Results: Amyloidosis patients (N = 576) had higher rates of death (hazard ratio [HR], 1.58; 95% confidence interval [CI], 1.28-1.95) and graft loss (HR, 1.49; 95% CI, 1.19-1.87) compared with nonamyloidosis patients. The results were similar when the cohort was restricted to patients transplanted on or after 2001 (HR, 1.72; 95% CI, 1.31-2.26 for death; HR, 1.77; 95% CI, 1.35-2.33 for graft loss). However, there was no significant difference in risk of death or graft loss when amyloidosis patients were compared with those with diabetes-associated ESRD (mortality: HR, 0.99; 95% CI, 0.84-1.17; allograft loss: HR, 1.00; 95% CI, 0.84-1.20), or when compared with elderly patients (age, >65 years at the time of transplant) (mortality: HR, 0.99; 95% CI, 0.81-1.21; graft loss: HR, 1.02; 95% CI, 0.82-1.26).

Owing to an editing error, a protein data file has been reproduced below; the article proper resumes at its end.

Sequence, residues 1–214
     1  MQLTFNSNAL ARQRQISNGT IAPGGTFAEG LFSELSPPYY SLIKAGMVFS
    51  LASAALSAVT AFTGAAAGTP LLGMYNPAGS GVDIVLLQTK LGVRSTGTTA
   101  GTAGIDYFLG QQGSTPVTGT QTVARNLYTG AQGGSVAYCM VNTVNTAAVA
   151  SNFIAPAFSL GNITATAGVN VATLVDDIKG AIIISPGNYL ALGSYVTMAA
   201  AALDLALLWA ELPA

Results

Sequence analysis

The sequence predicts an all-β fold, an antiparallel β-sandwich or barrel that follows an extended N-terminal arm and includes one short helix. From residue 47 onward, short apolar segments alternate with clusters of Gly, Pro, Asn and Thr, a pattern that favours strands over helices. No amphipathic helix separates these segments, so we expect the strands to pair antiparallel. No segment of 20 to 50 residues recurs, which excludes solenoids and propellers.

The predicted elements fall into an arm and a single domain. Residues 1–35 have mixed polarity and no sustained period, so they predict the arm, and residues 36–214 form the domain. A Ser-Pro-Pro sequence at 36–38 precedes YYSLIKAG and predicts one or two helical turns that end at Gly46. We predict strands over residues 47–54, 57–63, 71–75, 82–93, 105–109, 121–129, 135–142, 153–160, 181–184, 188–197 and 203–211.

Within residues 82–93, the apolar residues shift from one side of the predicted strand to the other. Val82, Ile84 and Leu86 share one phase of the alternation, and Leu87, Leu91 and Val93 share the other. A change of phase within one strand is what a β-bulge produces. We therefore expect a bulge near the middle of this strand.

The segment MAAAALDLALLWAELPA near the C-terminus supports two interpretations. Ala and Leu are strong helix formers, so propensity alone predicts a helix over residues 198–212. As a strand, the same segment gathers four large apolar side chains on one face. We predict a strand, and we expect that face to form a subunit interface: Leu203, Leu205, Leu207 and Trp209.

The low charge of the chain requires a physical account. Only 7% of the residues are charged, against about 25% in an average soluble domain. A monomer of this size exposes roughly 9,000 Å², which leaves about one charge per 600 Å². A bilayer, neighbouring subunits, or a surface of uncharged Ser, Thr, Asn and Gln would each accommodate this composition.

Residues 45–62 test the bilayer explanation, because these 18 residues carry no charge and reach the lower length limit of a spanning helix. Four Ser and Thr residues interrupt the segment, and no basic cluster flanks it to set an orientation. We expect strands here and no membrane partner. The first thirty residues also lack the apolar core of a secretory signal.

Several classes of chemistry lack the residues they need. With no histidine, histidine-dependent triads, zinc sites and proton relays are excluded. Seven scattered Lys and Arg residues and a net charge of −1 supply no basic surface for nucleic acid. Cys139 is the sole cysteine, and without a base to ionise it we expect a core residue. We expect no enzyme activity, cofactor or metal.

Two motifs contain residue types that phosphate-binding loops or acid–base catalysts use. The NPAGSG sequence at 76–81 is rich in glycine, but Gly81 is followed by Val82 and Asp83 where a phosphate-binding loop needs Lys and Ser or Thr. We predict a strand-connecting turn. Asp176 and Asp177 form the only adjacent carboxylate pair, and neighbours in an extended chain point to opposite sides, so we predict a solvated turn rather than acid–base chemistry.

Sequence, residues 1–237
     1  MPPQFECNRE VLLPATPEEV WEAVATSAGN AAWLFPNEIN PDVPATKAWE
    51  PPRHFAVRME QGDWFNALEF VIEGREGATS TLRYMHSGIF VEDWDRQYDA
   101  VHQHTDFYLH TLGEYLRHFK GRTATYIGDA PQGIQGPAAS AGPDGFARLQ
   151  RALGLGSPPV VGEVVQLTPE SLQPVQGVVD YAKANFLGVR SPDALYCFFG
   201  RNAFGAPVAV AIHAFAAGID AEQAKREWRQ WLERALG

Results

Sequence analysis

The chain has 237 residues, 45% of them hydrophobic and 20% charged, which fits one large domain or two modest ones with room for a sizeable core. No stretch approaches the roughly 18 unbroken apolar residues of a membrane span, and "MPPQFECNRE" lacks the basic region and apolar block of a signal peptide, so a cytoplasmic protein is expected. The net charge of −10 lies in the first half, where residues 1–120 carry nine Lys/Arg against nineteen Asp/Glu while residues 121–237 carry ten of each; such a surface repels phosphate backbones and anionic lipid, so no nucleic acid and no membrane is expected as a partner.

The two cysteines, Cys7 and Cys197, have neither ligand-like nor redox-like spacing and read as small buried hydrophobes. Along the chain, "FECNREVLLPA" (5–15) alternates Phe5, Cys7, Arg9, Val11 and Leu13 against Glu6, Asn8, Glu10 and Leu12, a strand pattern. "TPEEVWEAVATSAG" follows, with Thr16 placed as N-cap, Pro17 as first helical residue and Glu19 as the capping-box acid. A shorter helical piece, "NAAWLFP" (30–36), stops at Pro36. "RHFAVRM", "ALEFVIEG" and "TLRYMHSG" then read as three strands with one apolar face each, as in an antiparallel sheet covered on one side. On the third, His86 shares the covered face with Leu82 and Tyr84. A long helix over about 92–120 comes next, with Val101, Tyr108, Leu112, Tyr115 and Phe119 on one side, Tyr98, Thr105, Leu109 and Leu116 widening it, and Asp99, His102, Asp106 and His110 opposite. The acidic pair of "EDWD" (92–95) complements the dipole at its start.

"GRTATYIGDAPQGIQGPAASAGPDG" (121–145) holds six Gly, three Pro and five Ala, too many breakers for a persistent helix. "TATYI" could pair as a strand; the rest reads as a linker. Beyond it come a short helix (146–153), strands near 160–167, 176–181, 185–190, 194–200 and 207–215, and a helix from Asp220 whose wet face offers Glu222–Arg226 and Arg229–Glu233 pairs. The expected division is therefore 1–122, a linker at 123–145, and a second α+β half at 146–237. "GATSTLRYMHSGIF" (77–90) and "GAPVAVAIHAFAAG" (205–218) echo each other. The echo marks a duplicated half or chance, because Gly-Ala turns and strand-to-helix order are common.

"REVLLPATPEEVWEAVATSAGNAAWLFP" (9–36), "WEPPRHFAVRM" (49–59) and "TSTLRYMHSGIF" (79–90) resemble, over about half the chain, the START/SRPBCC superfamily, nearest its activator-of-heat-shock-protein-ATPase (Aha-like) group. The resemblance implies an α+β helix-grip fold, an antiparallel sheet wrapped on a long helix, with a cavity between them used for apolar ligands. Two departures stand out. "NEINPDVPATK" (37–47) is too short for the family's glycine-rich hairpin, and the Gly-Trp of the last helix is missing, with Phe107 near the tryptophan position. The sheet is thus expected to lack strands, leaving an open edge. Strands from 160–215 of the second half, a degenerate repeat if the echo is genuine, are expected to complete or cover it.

Conclusions: For patients with amyloidosis-associated ESRD deemed suitable for transplantation, patient and graft survivals are diminished compared to kidney transplant recipients overall, but are comparable to other high-risk subgroups.
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http://dx.doi.org/10.1097/TP.0000000000001930DOI Listing
February 2018

Immunosuppression for kidney transplantation: Where are we now and where are we going?

Transplant Rev (Orlando) 2017 01 11;31(1):10-17. Epub 2016 Oct 11.

Department of Medicine, Perelman School of Medicine, University of Pennsylvania, Philadelphia, PA, USA. Electronic address: